And if you look closely, there is, indeed, a second silver marker on an “unknown” grave not far away from William’s.

___________

Watch for our next blog — we may just have found the spot where Jacob Marklee himself is buried!

 

Memoir Writing: Getting Unstuck

It happens to every would-be memoir writer: your words somehow just stop flowing. Or maybe, despite good intentions, they never get started.

So you keep telling your kids you’ll get those family stories on paper. You ogle memoir books in the library and your local history museum. But when you sit down in front of that blank piece of paper or computer screen, a dozen urgent tasks popped up to drag you away, every time. Like . . . polishing the top of the fridge.

It’s oh-so-understandable and utterly common! But what do you do about it?! How do you go from “wannabe” memoir writer to “here’s my book”?

Even “bad” times make great memoir fodder!

Let’s start with what not to do:  Don’t kick yourself. Guilt won’t help you get words onto paper.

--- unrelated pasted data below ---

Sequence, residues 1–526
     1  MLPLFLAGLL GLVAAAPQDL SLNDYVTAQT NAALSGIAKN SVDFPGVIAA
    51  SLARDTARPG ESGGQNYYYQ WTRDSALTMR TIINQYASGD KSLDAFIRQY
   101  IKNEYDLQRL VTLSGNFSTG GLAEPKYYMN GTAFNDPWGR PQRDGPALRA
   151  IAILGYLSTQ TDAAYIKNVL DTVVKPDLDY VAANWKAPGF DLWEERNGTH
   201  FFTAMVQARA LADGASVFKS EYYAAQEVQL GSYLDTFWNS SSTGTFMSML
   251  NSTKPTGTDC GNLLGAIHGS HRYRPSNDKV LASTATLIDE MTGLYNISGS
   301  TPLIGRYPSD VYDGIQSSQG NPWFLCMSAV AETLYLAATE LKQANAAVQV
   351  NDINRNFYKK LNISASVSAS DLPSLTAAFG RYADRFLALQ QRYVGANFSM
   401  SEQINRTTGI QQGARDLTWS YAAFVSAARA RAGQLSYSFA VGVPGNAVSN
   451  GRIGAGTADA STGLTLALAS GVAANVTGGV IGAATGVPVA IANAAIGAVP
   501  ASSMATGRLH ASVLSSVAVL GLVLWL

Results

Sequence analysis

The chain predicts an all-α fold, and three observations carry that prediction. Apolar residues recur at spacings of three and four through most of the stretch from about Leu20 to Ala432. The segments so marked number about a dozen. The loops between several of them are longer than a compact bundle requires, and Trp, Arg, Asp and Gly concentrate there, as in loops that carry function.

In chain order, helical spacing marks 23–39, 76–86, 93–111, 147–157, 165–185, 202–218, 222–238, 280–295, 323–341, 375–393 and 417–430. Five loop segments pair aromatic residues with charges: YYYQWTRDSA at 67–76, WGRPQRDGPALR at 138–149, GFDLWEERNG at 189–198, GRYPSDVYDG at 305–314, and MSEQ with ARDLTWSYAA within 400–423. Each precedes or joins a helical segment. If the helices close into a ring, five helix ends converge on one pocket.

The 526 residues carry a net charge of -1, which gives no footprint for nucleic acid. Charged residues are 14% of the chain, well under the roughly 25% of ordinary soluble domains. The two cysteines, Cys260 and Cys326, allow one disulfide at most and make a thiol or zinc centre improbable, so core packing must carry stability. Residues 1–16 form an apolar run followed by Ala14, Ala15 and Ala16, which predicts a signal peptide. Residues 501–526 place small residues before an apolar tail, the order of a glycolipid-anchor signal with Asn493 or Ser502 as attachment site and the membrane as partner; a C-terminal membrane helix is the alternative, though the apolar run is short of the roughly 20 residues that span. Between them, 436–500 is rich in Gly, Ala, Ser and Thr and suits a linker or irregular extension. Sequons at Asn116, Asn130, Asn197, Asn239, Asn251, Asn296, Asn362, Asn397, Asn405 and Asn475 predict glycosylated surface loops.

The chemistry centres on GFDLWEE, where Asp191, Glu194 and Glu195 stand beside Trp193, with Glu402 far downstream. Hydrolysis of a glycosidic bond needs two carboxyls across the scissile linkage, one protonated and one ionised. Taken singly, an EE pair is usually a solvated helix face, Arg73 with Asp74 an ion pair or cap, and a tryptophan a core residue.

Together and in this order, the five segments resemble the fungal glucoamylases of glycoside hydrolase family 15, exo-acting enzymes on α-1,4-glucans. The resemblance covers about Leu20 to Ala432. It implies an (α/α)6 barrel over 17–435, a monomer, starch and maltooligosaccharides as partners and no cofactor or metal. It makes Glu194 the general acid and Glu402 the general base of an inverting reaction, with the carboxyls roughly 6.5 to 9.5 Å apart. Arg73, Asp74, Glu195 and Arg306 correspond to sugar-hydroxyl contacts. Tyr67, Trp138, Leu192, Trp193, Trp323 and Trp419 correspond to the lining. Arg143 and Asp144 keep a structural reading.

Here are three tips to try, starting right now, to help get your memoir launched and off to a running start:

(1)  Pull out your calendar.  That’s right — make a date with yourself and pencil “memoir time” in. Pick a day, pick a time, and block out half an hour. Just half an hour is enough to get you off to a rolling start! And here’s the magic kicker: before that first writing session ends, pencil in another date for your very next writing session. Things written down on a calendar tend to “happen,” especially when the commitment isn’t overwhelming (like half an hour). Before you know it, those memoir pages will start to add up!